A discussion of ethics in For Honor e-sports
To celebrate For Honor’s recently launched third content season, developer Ubisoft hosted a tournament in which some of the game’s top players battled it out for a $10,000 prize and no small amount of recognition. However, as the tournament went on, social media was flooded with a barrage of negativity and scorn, all of it directed at the players participating in the tournament. The reason? Most of the tournament’s participants weren’t winning due to skilled play alone, they were also utilizing unpopular exploits to give themselves an unfair advantage.
Whatever It Takes
More specifically, several tournament participants abused a known exploit called “unlock tech.” To explain it briefly, For Honor uses a system where players can execute attacks both when they’re “unlocked” (and thus roaming around the arena) and when they’re locked onto an opponent.
Normally, unlocked attacks are only used when dealing with an enemy team’s AI grunts since they tend to deal nominal damage to enemy players, but each of For Honor’s playable heroes usually has at least one or two moves that serve as a excellent opening attack against a human player but which can only be executed when you’re unlocked.
Once both opponents are locked onto each other, that usually remains the case until one player has defeated the other, but in the PC version of For Honor in particular, some fancy manipulation of the controls can allow a player to quickly unlock and perform an attack. This is a big deal since, unlike attacks that are performed while you’re locked on, unlocked attacks can’t be blocked or parried, essentially granting the unlocked player a free hit while the locked player is left defenseless and unable to retaliate.
During the tournament’s PC finals, a player named Jakub “SB.Alernakin” Palen used the Nobushi character (a spear-wielding combatant who is known for having strong unlock tech capabilities) and the unlock tech exploit so much that he wound up winning the entire tournament without ever losing a set, remarking after he won that he didn’t think it would be so easy. Palen went home with $10,000 and a trophy while the rest of the For Honor community was understandably livid.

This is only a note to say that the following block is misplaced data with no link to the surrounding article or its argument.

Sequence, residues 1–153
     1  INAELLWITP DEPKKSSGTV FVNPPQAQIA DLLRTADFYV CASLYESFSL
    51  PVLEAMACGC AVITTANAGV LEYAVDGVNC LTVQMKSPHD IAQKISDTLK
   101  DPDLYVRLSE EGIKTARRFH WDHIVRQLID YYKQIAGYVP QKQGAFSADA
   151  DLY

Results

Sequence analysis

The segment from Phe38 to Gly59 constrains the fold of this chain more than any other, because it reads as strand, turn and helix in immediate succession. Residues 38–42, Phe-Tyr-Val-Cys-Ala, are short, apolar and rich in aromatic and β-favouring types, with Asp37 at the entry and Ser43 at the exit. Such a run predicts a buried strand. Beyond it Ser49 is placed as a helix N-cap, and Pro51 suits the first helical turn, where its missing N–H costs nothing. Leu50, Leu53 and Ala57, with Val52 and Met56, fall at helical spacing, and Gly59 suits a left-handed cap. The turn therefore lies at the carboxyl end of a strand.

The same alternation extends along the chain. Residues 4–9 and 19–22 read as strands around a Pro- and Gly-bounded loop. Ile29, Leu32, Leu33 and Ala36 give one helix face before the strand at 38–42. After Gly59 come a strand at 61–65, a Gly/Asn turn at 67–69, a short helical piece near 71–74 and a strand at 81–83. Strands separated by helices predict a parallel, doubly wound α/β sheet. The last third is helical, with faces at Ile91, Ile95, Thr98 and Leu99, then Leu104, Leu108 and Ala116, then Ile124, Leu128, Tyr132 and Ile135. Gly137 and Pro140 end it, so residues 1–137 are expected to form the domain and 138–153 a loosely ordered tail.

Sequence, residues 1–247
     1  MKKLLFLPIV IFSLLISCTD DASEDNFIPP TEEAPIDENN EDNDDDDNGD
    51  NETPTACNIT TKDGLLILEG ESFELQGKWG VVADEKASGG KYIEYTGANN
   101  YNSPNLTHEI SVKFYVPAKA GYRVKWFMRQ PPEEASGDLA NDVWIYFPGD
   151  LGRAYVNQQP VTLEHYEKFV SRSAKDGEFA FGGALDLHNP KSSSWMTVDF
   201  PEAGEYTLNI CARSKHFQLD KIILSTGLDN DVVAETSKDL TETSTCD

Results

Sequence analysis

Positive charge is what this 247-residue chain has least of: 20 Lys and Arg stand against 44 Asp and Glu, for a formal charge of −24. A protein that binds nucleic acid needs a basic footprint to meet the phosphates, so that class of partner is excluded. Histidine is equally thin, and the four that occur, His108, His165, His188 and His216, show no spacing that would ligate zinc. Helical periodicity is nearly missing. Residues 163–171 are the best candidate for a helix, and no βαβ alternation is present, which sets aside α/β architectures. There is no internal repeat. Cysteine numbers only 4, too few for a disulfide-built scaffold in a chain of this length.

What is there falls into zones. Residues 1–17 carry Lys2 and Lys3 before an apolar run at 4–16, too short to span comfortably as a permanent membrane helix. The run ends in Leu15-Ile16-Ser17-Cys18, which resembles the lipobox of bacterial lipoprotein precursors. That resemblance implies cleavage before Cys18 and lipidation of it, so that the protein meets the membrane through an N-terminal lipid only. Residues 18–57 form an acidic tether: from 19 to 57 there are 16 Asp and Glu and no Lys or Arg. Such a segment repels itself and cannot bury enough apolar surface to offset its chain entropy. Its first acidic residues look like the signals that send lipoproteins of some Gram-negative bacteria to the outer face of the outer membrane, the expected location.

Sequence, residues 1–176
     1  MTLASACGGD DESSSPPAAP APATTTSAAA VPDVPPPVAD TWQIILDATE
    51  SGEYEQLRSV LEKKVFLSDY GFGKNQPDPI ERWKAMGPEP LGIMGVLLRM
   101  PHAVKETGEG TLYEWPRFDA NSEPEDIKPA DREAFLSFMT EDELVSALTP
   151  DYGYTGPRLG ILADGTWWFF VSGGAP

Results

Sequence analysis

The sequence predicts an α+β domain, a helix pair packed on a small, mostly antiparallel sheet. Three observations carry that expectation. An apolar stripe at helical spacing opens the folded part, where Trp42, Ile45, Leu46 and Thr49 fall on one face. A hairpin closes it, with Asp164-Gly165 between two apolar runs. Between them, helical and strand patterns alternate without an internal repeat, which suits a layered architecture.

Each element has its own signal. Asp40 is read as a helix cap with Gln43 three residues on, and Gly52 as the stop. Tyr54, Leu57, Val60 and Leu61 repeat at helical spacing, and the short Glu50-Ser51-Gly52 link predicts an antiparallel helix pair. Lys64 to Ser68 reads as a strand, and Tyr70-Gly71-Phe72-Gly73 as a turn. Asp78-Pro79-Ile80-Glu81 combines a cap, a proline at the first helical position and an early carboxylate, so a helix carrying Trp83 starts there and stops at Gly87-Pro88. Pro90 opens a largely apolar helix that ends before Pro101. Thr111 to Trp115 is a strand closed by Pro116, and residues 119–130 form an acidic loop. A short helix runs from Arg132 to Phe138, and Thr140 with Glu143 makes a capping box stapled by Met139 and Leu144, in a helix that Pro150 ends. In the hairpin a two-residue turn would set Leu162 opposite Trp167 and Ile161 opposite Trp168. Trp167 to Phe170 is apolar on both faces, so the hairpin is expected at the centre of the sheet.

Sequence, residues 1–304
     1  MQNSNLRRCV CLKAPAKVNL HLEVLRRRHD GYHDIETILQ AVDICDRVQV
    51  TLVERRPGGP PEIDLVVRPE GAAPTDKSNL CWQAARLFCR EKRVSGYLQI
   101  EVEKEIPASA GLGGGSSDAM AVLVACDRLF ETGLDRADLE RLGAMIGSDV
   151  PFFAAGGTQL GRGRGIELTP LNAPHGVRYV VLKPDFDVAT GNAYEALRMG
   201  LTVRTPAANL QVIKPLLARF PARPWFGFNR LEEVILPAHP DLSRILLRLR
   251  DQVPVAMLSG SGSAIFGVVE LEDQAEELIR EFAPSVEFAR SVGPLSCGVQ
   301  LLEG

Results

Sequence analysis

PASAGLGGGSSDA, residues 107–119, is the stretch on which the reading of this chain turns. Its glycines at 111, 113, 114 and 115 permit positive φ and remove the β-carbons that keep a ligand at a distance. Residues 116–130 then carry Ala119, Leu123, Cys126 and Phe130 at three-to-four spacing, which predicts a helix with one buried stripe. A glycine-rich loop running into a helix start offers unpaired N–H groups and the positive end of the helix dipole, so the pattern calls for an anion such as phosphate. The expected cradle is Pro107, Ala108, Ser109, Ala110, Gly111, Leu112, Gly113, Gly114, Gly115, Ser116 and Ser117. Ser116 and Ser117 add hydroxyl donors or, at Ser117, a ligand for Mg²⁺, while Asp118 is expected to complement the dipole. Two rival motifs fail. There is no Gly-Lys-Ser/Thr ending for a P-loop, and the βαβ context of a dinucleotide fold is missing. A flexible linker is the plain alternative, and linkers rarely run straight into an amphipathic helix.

Everything on the line
There were a variety of reasons why the For Honor community was so upset over how the tournament went, some of which I have listed below:
- Fans expected a tournament full of highly skilled play and were instead treated to a bunch of exploit abuse and glitch spam
- Ubisoft apparently didn’t outright ban the use of exploits, leaving commentators and casters with the unsavory task of pretending like it was just a part of normal play
- Unlock tech abuse has been a known exploit for quite some time and yet Ubisoft has apparently been dragging its feet when it comes to fixing the issue
- New players who otherwise might have been enticed into giving For Honor a try (the tournament was held during a free weekend event) were likely put off by the fact that, judging by what was shown, Ubisoft considered exploit abuse to be “high level play”
All of the above points are certainly valid, but putting the shoe on the other foot for a second, these players weren’t just playing for bragging rights, there was $10,000 on the line. If you entered a contest for $10,000 and the people running the contest said that an unpopular strategy which drastically increased your chances of winning was fair game, wouldn’t you be at least somewhat tempted to use it?
Heck, I’m willing to bet that some of the tournament’s participants started off wanting to fight cleanly, but when they saw several other people using unlock tech, they figured their best chance of winning was to follow suit. It may not have been what viewers wanted to see, but I doubt someone who went home $10,000 richer than when they left cares too much about what the fans think of them.
It’s an interesting debate, whether one should retain the “spirit of integrity” just to appease a game’s community even if it means losing out on a large sum of money because other players refuse to fight fair. It’s also important to note that not all of the tournament’s players utilized unlock tech (though there was a lot of “turtling,” i.e. using a hero like the Warlord and just staying in a full guard for most of the match), and the most exciting parts of the tournament were no doubt the “just for fun” segments where the players tried out season three’s new heroes and maps since there was no money on the line for those segments.
Personally, as much as I enjoy the thought of a community that adheres to an unwritten code of honor and good sportsmanship, I totally understand why some tournament players did what they did. A cash prize of $10,000 is a hard temptation to ignore, and Ubisoft made it clear that it wasn’t going to penalize players for using exploits that are technically part of For Honor’s gameplay (at least for the time being). It’s yet another case of having to face the ugly truth of the world: if you immidiatly expect everyone you meet to fight fair, you’re in for a world of disappointment and frustration.